Missionary Death Brings Wave of Grief ... and Faith
- Art Toalston Editor of Baptist Press
- 2003 3 Mar
As death struck again on the mission field - this time claiming a worker March 4 in the Philippines after the loss of three workers Dec. 30 in Yemen - Southern Baptist leaders voiced ongoing grief and, yet, faith.
"The death of Bill Hyde reminds us once again how increasingly dangerous the world has become," Southern Baptist Convention President Jack Graham, pastor of the Dallas-area Prestonwood Baptist Church, said after Hyde and at least 18 others were killed in Davao City in an airport blast.
"This strikes extremely close to home for our Prestonwood church family, in that the Hydes twice furloughed in our missionary home," Graham said. "A number of our church family have been involved with the Hydes in missionary service in the Philippines. The Prestonwood church family is prepared to minister to Lyn and her family as she experiences this tremendous grief.
"Bill loved the Lord Jesus and gave his life to fulfill God's calling to spread the gospel," Graham said. "A Christian's death is not a random event. Precious in the sight of the Lord is the death of his saints, the psalmist said. We grieve for Lyn and her family, for the International Mission Board family but rejoice that Bill is in the presence of our wonderful Savior.
"This is a reminder that all of us should live with an eternal perspective and give our lives to what lasts, the Kingdom of God. Southern Baptists should be praying for all of our missionaries and their families at this time in that this event increases insecurities and promotes fear. But our comfort and our strength is in our Lord," Graham said.
Hyde, appointed by the Southern Baptist International Mission Board to the Philippines in 1978 with his wife, Lyn, was at the airport in Davao City, the nation's second-largest city, to pick up a fellow missionary family, Mark and Barbara Stevens and their two children. Barbara Stevens and her 10-month-old son were among nearly 150 people injured in the attack.
Hyde's death follows the Dec. 30 slayings by a lone gunman of three workers at the Baptist hospital in Jibla, Yemen: administrator Bill Koehn, physician Martha Myers and purchasing manager Kathy Gariety.
Morris H. Chapman, president of the SBC Executive Committee, said in a March 4 statement to Baptist Press, "We grieve with the family of William Hyde and share the burden of care with the family of Barbara Stevens and her son who were wounded in the terrorist acts in the Philippines. We commend them all to the grace of our Lord and Savior, Jesus Christ. We sorrow, but not as those who have no hope. Our hope is in the Lord Jesus Christ.
"These are times of worldwide tumult and uncertainty," Chapman said. "Our missions staff is often on the very front lines of the conflict that is boiling up in various parts of the earth. This sad affair underscores once again the jeopardy our missionary staff is subject to and strengthens our resolve to faithfully pray for our missionary staff around the world.
"We ask Southern Baptists everywhere to join with us and redouble their prayer efforts in behalf of the family of missionaries spread around the world in the interest of the gospel," Chapman said. "Our Christian interest in the matter is spiritual and evangelistic - we need to pray that a peaceable environment may prevail so that the gospel of Christ may be spread around the world."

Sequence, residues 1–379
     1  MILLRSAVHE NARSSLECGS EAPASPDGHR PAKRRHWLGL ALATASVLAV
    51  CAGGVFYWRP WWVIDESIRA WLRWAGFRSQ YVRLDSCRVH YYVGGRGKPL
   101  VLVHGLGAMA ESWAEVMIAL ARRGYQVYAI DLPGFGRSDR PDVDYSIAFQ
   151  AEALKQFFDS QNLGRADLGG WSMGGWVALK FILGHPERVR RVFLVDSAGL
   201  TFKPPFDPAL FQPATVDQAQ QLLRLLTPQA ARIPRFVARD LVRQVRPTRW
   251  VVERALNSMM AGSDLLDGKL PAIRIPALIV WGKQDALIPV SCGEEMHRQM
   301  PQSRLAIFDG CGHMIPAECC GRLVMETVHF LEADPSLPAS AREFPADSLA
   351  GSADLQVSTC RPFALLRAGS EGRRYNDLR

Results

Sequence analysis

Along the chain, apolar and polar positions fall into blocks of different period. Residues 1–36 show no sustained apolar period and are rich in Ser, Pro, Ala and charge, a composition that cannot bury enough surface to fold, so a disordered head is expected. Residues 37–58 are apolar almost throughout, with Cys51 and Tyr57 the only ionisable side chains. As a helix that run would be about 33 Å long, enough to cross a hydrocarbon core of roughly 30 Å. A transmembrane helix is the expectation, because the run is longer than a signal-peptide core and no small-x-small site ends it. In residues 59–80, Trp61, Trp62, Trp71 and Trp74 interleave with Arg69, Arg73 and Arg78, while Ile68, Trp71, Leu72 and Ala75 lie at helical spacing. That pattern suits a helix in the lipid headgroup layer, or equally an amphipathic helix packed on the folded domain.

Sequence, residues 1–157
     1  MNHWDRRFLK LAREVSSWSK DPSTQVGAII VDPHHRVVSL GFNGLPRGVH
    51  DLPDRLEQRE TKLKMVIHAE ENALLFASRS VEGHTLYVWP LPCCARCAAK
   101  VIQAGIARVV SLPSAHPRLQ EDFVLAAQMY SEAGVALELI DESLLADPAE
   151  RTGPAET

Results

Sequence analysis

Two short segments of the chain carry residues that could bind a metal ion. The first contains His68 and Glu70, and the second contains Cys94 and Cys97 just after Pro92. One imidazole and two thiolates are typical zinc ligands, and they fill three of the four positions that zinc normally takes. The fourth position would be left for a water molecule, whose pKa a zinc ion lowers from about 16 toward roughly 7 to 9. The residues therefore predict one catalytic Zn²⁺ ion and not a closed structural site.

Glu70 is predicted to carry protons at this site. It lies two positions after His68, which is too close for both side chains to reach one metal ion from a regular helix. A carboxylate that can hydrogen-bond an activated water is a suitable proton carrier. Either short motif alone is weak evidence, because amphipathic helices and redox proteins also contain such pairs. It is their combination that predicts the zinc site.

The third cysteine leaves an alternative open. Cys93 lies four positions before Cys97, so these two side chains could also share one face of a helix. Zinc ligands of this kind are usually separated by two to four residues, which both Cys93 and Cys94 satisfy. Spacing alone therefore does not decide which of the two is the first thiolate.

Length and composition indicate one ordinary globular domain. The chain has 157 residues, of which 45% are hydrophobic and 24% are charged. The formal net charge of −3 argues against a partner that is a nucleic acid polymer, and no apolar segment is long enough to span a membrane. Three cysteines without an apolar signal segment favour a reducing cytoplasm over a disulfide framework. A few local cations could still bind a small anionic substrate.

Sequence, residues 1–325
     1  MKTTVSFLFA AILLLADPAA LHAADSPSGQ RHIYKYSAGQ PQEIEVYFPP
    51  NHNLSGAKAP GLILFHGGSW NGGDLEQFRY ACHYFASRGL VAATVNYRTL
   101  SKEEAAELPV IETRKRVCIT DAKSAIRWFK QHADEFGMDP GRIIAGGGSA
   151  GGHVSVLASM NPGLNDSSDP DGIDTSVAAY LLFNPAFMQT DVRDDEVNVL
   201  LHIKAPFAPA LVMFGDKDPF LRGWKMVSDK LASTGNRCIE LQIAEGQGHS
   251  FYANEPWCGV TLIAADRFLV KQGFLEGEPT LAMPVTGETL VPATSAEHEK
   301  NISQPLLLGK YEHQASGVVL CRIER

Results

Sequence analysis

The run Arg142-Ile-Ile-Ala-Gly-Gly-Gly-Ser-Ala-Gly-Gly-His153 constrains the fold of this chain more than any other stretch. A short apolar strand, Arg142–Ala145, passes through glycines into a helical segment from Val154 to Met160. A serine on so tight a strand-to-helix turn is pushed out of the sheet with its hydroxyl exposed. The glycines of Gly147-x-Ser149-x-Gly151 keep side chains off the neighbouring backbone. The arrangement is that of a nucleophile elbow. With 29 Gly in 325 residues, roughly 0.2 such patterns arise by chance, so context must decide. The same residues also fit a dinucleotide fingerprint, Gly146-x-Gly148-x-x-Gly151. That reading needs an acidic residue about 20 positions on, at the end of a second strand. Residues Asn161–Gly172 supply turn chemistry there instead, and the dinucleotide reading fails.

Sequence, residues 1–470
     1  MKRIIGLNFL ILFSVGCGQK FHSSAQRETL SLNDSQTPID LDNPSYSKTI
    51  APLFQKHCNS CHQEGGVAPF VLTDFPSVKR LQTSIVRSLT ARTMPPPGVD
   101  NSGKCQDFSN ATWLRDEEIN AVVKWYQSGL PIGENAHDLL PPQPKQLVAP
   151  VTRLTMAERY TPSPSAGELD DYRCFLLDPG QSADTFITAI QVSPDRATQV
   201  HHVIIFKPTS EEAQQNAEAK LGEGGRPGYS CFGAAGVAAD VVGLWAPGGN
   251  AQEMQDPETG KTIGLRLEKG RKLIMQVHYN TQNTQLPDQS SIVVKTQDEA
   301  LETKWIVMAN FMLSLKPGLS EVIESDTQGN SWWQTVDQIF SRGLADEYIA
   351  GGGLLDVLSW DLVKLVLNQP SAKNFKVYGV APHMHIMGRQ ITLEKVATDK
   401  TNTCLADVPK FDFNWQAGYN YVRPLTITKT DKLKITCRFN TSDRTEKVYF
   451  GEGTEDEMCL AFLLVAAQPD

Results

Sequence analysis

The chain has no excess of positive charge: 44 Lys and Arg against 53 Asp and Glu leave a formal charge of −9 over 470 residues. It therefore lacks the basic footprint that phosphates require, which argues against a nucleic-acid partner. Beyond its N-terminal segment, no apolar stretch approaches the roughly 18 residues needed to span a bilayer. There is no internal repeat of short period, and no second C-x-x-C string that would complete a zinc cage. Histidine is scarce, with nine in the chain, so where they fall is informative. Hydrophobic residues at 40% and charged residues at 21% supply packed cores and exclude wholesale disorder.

Wanda Lee, executive director/treasurer of Woman's Missionary Union, told Baptist Press, "We are deeply saddened by the news of the bomb explosion at the Davao airport in the Philippines that took many innocent lives. We wish to extend our heartfelt condolences to the family and friends of missionary Bill Hyde, along with the other victims.
"May we all be reminded of our responsibility to fervently pray for our faithful missionaries who stay focused on God's calling in their lives to share the love of Christ," Lee said. "We pray God will provide healing and be the source of strength and comfort to the Stevens family as IMB representative Barbara Stevens and her son, Nathan, recover from their injuries."
Robert E. Reccord, president of the North American Mission Board, said, "We are praying for Bill Hyde's family and friends and for all of our brothers and sisters at the International Mission Board and of course we are also remembering Barbara Stevens and her son, Nathan, who were injured. Bill Hyde's death reminds us that we don't know the number of days God has given us to serve him here on earth.
"When a man or woman answers God's call to serve, sometimes it is a call that will lead even to death. As a missionary, Bill Hyde made the most of every moment God entrusted to him," Reccord said. "My prayer is that his life will inspire all of us as Christians to live each moment more intentionally focused on how we can point others to Christ."
James T. Draper Jr., president of LifeWay Christian Resources, said, "We are so sorry to hear of this and want to encourage everyone to pray for the Hyde family and for the Stevens family. This underscores the dangers missionaries face and their need for our prayers. Pray also that God will use this tragic situation of these that loved him for his good as it promises in the Book of Romans."
Julie Walters, Martin King & Chris Turner contributed to this article.
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The International Mission Board (www.imb.org) is an entity of the 16-million-member Southern Baptist Convention. It has 5,441 missionaries working among 1,497 people groups worldwide. In 2002, Southern Baptist missionaries and their co-workers baptized 421,436 new believers and organized 8,369 churches.